Working Out Loud is a mode of communication, enabled by social tools, that helps people connect and work together more effectively.
I talk with people quite a lot about using social software in organisations. This post is about the objections I hear and how I respond.
I have just been reading the recent Home Affairs Committee report: New Landscape of Policing. There is an interesting chapter on Collaboration and in particular I was struck by the use of the word collaboration itself.
In this report, as in many others from Government I've come across lately, collaboration is being used mainly in the context of departments sharing services to save money. Maybe I'm being a bit of a silly old word-sausage here; but, for me, collaboration is special. It's about working together to create something new. Collaboration is generative. I'd offer that the sort of working together to share services is - Cooperation - which is rather more transactional and (here, probably, is the rub) less snazzy-sounding.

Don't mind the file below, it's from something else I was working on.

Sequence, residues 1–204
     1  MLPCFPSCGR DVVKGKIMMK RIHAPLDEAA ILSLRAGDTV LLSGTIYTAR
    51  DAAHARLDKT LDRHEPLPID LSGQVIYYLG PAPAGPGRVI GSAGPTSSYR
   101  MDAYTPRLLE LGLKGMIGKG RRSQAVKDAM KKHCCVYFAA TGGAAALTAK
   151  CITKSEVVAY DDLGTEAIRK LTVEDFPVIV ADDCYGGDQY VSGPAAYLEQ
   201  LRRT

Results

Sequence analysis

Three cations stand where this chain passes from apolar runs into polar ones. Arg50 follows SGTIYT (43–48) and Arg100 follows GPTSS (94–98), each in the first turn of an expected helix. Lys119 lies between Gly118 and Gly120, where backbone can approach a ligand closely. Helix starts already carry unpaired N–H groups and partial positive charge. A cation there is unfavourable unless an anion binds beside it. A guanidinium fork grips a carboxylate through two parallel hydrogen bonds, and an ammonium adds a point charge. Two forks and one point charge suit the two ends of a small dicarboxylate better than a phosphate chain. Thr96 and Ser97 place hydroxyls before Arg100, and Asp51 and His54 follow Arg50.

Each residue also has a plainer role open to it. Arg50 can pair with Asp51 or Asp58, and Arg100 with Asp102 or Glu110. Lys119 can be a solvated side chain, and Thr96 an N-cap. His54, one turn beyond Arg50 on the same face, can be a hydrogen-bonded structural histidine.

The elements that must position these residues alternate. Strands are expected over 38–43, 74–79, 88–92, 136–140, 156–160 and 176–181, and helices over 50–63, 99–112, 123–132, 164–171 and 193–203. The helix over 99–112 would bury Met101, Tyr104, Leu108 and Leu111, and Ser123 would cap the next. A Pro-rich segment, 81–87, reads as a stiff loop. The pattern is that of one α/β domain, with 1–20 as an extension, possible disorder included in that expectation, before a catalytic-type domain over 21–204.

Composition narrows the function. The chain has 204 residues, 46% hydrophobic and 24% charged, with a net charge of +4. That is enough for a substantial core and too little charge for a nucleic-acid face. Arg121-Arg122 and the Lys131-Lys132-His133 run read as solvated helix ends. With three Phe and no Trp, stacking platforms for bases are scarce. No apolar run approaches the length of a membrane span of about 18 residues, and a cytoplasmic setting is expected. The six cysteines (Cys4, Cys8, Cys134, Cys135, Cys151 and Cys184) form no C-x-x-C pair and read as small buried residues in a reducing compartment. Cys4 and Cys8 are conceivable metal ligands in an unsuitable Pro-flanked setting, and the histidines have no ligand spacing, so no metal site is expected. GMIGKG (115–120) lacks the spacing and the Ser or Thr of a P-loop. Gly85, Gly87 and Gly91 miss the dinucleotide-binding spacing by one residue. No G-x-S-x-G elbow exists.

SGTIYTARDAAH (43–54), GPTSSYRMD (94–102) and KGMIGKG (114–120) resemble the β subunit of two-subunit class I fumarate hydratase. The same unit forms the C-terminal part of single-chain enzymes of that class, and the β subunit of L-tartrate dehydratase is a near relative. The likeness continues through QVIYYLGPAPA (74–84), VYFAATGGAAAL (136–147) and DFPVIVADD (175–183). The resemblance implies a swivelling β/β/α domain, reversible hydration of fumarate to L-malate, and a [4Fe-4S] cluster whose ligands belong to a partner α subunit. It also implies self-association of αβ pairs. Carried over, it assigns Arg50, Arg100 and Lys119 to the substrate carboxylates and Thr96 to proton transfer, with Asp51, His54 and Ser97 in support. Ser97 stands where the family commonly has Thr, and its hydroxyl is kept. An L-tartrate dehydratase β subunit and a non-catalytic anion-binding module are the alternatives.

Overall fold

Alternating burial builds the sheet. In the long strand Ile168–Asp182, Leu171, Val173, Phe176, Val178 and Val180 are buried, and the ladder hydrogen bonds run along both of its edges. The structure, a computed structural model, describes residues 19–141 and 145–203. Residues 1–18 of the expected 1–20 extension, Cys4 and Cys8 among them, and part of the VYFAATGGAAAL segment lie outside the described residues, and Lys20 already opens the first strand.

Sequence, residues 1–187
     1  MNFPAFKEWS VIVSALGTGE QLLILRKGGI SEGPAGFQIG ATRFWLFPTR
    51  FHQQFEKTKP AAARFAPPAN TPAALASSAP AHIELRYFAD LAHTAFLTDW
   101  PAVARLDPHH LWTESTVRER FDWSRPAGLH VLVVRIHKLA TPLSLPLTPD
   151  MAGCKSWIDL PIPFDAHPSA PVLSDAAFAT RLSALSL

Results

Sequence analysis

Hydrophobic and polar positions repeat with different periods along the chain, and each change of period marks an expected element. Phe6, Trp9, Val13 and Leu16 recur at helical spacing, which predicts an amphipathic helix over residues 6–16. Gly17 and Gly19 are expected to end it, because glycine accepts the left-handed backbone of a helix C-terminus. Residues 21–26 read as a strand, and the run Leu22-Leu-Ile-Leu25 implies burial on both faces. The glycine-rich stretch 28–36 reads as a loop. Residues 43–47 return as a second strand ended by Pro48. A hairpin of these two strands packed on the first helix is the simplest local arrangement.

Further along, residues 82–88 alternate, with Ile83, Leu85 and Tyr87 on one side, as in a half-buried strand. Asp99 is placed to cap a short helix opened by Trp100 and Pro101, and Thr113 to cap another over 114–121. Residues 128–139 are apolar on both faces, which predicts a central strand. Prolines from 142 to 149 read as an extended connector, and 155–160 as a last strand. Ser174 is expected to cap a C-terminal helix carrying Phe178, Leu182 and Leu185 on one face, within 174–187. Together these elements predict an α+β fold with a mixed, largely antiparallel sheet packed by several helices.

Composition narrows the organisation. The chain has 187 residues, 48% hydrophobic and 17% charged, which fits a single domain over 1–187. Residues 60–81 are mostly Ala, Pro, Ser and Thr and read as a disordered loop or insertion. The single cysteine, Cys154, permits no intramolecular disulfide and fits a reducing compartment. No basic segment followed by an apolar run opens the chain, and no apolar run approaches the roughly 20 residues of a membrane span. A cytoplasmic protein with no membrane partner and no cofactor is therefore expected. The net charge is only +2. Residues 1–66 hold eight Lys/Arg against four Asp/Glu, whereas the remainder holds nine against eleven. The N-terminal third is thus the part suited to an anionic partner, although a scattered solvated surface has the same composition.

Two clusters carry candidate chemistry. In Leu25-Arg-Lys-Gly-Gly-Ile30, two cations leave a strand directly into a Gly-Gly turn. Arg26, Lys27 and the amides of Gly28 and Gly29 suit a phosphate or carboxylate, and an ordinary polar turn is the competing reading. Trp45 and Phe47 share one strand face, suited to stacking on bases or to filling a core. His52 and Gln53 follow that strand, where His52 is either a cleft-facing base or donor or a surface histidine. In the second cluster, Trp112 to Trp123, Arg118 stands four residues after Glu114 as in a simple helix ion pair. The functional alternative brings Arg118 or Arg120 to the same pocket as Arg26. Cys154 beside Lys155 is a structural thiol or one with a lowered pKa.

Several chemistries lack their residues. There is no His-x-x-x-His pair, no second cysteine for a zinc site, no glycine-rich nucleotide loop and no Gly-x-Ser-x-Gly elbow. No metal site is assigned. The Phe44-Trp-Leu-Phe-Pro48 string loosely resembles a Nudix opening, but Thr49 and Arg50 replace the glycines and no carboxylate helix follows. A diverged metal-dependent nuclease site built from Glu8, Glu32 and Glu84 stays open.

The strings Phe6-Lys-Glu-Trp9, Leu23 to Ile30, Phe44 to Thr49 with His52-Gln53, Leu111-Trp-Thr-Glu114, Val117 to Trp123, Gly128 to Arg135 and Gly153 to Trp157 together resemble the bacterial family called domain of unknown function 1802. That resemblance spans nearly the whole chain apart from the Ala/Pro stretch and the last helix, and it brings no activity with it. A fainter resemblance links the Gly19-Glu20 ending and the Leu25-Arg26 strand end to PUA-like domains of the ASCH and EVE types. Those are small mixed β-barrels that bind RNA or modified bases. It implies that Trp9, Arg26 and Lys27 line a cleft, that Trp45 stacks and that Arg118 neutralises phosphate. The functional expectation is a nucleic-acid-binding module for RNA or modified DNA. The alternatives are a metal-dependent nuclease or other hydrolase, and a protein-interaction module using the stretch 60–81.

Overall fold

I really like this model of collective activity by Mark Elliot of Collabforge (you'll need to click the image to read it properly)....
It offers three words - Coordination, Cooperation and Collaboration - with distinct definitions - take a look at the diagram: it explains itself.
Crucially, I believe that genuine transformation in government services, and the long-term money-saving we desperately need, will spring more from generative collaboration than from cooperation or simple coordination. I think it will help if we have language that will let us readily distinguish these concepts.
So let's all use Mark's model.